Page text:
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Freshwater cultured pearls

Freshwater cultured pearls are cultivated in mussels in rivers, lakes and ponds. First cultivated in Japan, the emergence of China and it’s enormous production of freshwater cultured pearls has changed the pearl trade in the past decades.

 

Freshwater cultured pearls can be separated from marine cultured pearls due to the higher Manganese (Mn2+) concentrations in them. Freshwater cultured pearls are usually grown in the mantle rather than in the ‚pearl pocket’ (the norm for marine pearl oysters). The vast majority of freshwater cultured pearls are non-beaded, this means that no nucleus is required for formation of the pearl. Recent developments in Chinese pearling have brought large beaded cultured pearls, called Ming pearls, to the market.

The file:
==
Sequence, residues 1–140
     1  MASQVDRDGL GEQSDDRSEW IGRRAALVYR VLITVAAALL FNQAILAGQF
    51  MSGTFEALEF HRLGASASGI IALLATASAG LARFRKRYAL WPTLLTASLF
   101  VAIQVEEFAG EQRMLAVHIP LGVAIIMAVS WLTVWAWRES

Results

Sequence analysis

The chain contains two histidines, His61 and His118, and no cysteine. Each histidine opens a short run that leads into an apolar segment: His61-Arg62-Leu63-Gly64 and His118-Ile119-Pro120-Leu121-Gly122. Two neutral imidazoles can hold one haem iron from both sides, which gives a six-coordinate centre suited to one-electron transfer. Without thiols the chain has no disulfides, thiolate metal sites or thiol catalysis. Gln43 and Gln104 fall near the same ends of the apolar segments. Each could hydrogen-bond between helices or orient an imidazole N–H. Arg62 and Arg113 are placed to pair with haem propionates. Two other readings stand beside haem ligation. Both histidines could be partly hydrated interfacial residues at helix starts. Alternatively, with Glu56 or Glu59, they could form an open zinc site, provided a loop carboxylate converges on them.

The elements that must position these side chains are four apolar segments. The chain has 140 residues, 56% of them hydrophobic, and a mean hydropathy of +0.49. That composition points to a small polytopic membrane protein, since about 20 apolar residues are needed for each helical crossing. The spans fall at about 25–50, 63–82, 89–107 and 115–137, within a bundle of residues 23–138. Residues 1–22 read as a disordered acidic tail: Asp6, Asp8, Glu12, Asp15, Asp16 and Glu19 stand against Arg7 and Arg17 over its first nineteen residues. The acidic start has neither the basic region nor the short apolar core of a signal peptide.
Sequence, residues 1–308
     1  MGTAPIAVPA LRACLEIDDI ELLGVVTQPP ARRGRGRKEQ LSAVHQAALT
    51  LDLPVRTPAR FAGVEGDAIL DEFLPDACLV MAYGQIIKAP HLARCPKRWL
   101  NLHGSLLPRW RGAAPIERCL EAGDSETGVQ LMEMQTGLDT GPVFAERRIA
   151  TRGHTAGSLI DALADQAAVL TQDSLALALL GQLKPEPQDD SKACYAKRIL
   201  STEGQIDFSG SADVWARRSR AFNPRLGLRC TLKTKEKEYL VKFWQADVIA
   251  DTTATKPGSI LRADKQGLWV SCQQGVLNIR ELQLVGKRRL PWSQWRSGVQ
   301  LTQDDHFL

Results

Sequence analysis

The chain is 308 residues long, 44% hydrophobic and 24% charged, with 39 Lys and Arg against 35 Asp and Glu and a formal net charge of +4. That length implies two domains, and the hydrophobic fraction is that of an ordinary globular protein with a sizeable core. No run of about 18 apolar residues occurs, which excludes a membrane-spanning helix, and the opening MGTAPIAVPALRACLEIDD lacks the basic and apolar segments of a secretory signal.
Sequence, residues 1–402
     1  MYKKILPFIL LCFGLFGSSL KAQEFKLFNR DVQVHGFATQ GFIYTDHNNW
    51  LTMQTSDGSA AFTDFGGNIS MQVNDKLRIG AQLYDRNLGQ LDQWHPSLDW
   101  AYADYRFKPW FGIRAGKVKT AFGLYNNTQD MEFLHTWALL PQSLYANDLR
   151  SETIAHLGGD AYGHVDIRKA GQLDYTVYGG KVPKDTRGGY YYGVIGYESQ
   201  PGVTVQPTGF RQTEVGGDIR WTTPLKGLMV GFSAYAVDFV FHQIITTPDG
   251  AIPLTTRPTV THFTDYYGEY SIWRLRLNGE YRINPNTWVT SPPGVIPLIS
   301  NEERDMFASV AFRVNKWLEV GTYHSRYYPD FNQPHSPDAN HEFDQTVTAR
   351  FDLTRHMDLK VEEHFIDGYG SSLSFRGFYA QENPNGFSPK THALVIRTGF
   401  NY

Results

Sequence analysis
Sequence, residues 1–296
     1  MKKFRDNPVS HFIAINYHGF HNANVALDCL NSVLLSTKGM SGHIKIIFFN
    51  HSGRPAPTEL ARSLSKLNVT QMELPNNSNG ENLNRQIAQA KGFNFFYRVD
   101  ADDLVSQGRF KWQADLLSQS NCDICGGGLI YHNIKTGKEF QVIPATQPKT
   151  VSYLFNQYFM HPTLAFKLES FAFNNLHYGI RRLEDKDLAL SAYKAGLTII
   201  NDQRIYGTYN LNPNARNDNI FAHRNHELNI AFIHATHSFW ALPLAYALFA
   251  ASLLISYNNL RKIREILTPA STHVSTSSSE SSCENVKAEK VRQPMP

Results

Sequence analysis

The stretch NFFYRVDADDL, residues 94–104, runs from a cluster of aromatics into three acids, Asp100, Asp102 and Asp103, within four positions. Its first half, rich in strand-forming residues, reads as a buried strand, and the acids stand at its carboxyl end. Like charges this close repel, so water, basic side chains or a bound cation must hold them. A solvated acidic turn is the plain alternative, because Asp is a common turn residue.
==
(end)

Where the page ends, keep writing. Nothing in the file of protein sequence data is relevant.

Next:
The two main mussel species that produce freshwater cultured pearls are Hyriopsis Cumingi and Hyropsis Schlegeli. One mussel can produce as many as 50 pearls.

 

Chinese freshwater cultured pearls have considerably changed the pearl trade. Produced in large quantities, they have opened up completely new markets through their affordability. Minor production still exists in Japan (e.g. lakes Biwa and Kasumigaura) and the United States. 

 

The two mussel species used in freshwater pearl cultivation in China. Hyriopsis schlegeli and hyriopsis cumingi. Photo: Henry Hänni
JNA